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Published on 06.29.2016
Hino Shinsengumi Festival is the biggest event held in Hino, Tokyo. The festival was first held in 1989 to celebrate the completion of the renovation of a local temple, Takahatafudouson, where the grave of Toshizo Hijikata is located. Toshizo Hijikata was the vice commander of Shinsengumi, a special police force active during the end of the Edo period. Formed in 1864 and active until 1869, Shinsengumi resisted Meiji Restoration, believing that doing so would contribute to a better future for Japan. However, history took a different path, as we all know now, and many of them ended their lives in despair. Their dramatic tale, is remembered to this day by the people of Japan, and they are often portrayed in TV dramas, novels, Manga, etc.
The festival was called “Furusato Hino Festival” in 1989 when it was first organized. In 1999, the festival was re-organized under a different name: “Hino Shinsengumi Festival,” after the name of the memorable police force, whose vice president was in fact from Hino, and now rests in peace in Takahatafudouzon. These days, the festival is held annually on the second weekend in May, the anniversary of Toshizo Hijikata's death. The festival includes a few events. The biggest one being the Shinsengumi parade. Around four hundred people dressed as Shinsengumi members, or in traditional costumes from that period, leave Takahatafudouson temple in the morning and parade in the city, performing battles with swords and dancing, etc. Every February, the organizing committee calls for participants of the parade, and so many people participate it from all over Japan. If you wish, you could also apply to participate in the parade! Check for updates on their website in February:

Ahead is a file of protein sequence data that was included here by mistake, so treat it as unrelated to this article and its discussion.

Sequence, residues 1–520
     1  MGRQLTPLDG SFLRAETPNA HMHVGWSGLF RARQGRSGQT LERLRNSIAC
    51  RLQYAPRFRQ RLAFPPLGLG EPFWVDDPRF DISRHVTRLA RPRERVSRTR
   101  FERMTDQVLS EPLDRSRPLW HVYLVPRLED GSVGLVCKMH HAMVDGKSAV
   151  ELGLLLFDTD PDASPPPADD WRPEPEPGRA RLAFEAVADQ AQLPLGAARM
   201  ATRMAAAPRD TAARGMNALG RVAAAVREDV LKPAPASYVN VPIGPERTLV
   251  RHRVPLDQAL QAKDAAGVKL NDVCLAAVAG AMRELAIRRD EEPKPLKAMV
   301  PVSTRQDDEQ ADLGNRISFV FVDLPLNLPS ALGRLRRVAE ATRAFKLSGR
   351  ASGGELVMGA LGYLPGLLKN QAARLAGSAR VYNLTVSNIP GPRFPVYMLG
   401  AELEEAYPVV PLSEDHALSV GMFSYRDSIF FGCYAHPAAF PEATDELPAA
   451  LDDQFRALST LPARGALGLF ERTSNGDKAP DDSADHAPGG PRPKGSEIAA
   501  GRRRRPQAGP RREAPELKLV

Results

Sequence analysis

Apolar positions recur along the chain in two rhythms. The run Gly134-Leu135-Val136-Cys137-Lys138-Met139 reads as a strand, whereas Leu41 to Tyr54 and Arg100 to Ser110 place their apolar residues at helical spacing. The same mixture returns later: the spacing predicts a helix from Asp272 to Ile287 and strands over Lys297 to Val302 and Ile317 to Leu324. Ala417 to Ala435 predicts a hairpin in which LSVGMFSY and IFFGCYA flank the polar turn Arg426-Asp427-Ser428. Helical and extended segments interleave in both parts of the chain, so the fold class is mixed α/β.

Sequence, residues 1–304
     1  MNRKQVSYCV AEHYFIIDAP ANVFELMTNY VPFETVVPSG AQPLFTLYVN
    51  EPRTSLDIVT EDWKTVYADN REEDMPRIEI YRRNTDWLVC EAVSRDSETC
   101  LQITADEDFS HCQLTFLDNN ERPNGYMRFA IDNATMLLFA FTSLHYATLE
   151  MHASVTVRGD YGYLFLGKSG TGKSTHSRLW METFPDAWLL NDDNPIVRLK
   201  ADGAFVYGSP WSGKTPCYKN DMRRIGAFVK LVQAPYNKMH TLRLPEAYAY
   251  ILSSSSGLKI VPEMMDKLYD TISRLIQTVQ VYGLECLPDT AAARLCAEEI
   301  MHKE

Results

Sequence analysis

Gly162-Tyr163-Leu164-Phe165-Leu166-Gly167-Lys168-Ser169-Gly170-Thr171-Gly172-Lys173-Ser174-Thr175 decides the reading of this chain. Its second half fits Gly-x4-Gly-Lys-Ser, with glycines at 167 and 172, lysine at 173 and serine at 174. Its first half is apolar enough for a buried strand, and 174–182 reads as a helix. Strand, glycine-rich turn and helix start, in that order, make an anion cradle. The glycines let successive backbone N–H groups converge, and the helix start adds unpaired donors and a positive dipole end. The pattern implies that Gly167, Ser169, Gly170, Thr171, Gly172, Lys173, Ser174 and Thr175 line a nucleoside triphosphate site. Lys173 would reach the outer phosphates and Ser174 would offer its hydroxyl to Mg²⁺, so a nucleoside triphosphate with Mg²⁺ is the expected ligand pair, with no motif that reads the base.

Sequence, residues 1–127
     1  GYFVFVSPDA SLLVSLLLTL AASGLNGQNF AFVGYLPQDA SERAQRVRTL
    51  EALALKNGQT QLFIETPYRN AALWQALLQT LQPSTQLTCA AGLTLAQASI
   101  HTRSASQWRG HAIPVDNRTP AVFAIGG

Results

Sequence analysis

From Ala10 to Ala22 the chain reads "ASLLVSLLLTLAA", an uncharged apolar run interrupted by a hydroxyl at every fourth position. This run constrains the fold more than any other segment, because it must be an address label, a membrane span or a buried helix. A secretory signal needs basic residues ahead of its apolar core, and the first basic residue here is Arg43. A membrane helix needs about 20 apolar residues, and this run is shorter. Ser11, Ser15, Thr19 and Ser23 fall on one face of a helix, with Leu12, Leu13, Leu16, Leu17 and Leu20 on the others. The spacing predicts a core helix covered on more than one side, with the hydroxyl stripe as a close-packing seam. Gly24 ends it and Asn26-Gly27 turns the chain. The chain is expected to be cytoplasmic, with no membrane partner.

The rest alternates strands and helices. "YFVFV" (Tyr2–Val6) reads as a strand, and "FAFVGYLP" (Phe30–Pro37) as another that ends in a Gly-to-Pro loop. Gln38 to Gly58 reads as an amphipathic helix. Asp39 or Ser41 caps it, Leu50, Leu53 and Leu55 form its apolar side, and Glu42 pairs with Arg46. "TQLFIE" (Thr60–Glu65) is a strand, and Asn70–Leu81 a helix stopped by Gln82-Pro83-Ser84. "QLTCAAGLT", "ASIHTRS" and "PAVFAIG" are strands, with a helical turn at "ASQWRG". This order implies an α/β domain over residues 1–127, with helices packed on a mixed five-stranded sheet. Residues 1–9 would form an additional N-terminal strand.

In addition to the parade, food stands, flea markets, and street performances are held in the nearby park Hino Chuou-kouen, dropping by the festival site and watching the parade and performances is sure to be a good time.
Sightseeing spots around the festival site
Takahatafudouson Kongouji temple
Open hours (for rituals): 5am ~ 4pm
Open hours: 9am ~ 5pm (4:30pm in November and December)
Admission: 300 yen (adult), 100yen (child)